Around one in three people with Coronavirus do not have symptoms meaning the behaviours we adopt are vital to keeping people safe, healthy and well.
To help prevent the spread of infectious viruses like Coronavirus you can:
Getting vaccinated can significantly reduce the risk of catching Covid-19 and becoming seriously ill as well as reducing the risk of spreading the virus to others. Clinics remain available throughout the county for first, second, third and booster doses. Find a local clinic or read more about the Coronavirus vaccine.
Let fresh air in or meet outdoors
Having good ventilation if you are meeting other indoors, or choosing to meet outside, can help to disperse Covid-19 particles which reduces the risk of the virus spreading.
Wearing a face covering
Consider wearing a face covering in crowded or enclosed spaces to limit particles spreading, especially where you come in to contact with people you do not usually meet.
Wash hands often
Regular handwashing for at least 20 seconds and following the ‘Catch it, Bin it, Kill it.’ approach will also help to reduce the risk of infection.
Stay at home if you are unwell
If you are not feeling 100 per cent, staying at home will protect you and others. Resting will give you a better chance at recovery and by staying at home, you will be reducing the risk of infecting other people.
Testing for the virus
As immunity levels are high, testing and isolation will play a less important role in preventing serious illness. The availability of free testing has now reduced, and routine asymptomatic testing has been paused in most settings, including health and social care settings.
Read more about changes to testing for COVID-19 in England.
Coronavirus affects everyone differently, so it is important if you test positive or if you are not feeling well to stay at home – protecting you from getting more poorly and others from getting infected.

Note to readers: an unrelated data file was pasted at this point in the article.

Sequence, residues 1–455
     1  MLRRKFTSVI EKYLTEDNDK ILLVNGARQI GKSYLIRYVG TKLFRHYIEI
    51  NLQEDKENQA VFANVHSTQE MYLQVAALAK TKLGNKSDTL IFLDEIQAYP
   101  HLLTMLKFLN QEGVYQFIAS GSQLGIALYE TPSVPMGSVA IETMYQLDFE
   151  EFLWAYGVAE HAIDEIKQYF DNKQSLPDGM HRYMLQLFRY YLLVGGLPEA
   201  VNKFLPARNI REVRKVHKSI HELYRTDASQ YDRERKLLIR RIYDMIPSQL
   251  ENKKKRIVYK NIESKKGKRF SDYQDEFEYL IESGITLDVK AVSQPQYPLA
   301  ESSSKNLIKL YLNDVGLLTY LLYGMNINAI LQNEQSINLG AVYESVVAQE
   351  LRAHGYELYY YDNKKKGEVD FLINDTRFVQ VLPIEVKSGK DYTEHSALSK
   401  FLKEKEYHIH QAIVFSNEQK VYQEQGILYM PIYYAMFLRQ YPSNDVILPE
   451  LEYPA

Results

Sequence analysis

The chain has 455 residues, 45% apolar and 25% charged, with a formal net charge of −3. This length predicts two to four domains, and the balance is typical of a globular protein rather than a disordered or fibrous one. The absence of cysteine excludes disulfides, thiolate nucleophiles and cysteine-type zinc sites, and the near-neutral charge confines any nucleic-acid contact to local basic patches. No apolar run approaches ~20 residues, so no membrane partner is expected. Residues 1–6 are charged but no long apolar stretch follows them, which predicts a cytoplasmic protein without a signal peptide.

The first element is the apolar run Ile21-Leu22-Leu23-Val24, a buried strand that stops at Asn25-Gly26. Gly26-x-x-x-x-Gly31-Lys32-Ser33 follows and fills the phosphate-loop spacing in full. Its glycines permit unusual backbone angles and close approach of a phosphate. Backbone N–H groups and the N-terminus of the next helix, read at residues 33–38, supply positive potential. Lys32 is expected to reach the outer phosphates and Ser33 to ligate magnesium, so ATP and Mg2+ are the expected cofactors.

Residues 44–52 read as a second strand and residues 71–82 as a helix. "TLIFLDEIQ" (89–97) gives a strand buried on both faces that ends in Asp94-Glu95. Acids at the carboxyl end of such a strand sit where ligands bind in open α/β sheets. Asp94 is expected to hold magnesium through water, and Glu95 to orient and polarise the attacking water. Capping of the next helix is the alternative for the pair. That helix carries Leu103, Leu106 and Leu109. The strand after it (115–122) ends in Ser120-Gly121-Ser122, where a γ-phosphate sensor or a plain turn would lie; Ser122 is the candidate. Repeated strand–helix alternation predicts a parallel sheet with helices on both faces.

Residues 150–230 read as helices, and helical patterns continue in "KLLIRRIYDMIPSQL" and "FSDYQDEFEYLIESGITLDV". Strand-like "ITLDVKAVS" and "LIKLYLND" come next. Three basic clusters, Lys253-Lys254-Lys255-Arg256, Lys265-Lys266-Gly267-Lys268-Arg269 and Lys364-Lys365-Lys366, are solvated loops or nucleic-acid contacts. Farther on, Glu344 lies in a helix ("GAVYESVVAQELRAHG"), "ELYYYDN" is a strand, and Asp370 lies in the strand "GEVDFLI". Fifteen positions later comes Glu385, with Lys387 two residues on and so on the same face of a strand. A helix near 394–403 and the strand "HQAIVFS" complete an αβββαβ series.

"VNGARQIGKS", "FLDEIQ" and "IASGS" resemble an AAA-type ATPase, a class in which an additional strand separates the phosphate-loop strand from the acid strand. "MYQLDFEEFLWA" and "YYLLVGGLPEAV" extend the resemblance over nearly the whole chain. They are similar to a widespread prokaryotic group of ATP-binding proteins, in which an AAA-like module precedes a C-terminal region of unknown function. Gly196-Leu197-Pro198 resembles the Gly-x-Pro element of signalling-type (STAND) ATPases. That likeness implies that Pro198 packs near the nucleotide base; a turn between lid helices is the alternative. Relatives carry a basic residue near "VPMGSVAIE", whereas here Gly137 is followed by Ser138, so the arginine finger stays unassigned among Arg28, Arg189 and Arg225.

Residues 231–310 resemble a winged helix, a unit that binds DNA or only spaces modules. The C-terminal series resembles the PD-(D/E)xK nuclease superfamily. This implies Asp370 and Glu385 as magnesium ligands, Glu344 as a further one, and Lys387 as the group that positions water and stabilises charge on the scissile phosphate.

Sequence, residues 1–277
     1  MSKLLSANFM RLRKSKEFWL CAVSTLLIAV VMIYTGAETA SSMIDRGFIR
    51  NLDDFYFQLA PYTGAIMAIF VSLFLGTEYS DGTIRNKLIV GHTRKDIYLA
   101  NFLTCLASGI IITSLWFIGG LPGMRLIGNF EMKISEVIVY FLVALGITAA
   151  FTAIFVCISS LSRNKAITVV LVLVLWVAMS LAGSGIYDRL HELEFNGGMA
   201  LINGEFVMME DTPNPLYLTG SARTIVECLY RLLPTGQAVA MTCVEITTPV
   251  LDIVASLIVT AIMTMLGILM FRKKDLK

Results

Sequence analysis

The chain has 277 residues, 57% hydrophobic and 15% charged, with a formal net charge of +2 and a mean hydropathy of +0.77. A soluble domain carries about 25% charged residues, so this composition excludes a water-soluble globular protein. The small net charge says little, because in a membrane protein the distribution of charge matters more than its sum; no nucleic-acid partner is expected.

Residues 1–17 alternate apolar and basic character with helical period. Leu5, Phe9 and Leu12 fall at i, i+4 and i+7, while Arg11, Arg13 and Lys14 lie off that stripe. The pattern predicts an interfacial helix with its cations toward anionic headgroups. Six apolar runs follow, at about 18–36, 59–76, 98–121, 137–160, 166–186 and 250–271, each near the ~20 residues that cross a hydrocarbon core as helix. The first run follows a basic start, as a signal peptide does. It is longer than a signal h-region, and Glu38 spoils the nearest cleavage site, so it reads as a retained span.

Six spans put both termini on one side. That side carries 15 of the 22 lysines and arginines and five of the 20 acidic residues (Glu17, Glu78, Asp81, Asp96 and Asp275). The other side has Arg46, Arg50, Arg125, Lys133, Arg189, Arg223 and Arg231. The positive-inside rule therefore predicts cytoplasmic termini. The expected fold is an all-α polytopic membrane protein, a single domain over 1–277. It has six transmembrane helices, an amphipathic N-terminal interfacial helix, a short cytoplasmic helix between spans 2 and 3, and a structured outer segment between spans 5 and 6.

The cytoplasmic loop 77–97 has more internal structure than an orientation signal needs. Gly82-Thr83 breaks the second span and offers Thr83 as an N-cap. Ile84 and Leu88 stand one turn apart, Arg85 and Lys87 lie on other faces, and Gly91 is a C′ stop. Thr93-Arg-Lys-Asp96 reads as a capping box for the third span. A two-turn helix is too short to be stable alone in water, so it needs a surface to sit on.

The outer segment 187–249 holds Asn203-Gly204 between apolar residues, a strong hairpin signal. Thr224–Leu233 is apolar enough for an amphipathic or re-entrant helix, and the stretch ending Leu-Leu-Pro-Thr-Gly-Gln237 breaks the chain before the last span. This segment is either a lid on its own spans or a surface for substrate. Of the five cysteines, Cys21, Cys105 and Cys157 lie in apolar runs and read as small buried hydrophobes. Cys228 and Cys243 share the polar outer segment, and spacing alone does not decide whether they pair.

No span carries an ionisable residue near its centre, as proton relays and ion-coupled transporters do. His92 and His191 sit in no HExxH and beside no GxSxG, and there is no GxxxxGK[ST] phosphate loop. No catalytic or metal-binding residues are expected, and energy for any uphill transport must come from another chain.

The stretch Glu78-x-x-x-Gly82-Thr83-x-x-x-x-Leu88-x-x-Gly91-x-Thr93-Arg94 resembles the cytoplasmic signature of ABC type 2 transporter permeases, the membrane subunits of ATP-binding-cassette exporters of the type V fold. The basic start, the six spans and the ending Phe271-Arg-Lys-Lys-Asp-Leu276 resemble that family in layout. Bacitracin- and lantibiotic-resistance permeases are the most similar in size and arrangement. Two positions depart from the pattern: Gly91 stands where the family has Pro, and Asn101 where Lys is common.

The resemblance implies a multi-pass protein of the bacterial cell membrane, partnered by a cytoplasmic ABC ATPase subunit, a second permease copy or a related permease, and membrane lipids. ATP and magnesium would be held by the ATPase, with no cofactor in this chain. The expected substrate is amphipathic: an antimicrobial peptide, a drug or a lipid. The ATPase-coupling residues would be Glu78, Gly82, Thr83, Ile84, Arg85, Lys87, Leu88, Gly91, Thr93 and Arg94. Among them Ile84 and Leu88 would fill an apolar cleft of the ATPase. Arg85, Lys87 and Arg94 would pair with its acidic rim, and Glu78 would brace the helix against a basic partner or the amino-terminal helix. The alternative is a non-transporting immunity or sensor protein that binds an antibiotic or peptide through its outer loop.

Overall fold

The symptoms of COVID-19 and other respiratory infections are very similar. It is not possible to tell if you have COVID-19, flu or another respiratory infection based on symptoms alone. Most people with COVID-19 and other respiratory infections will have a relatively mild illness, especially if they have been vaccinated.
If you have symptoms of a respiratory infection, such as COVID-19, and you have a high temperature or do not feel well enough to go to work or carry out normal activities, try to stay at home and avoid contact with other people, until you no longer have a high temperature (if you had one) or until you no longer feel unwell.
Guidance for people in prisons and places of detention has not changed – read the full guidance online.
Twice-weekly asymptomatic testing in education settings is no longer advised. Find out more about managing Coronavirus in education and childcare settings.
Guidance for people who test positive for Covid-19 and their contacts
As part of the 'Living with Covid-19 plan', there is no longer any legal requirement for people with a positive test, or unvaccinated contacts of people with a positive test, to self-isolate.
However, people who do test positive, by PCR or lateral flow test, are advised to stay at home and avoid close contact with others for at least five days. There is different advice for children and young people aged 18 and under.
- Not to attend work and work from home if possible
- Take actions to prevent household transmission e.g. separate towels, regularly cleaning touchpoints
- Inform close (household and overnight) contacts
Many people with COVID-19 will no longer be infectious to others after 5 days.
People who test positive are also advised to avoid meeting people at a higher risk of becoming seriously unwell from Covid-19 for 10 days after the first positive result.
If you are a household or overnight contact of an individual who has tested positive for Covid-19, you are advised to take additional precautions for 10 days.
This includes avoiding contact with anyone at higher risk, and limiting close contact with other people outside of your household.
Non-household contacts are advised to take extra care by following the safer behaviours guidance.
Schemes, programmes and the app
The Test and Trace Support Payment scheme, national funding for practical support and Medicines Delivery service will discontinue.
The NHS Covid-19 app is being updated. It will continue to let people know if they have been in close contact with someone who has Covid-19 and will signpost individuals to the new guidance (summarised above).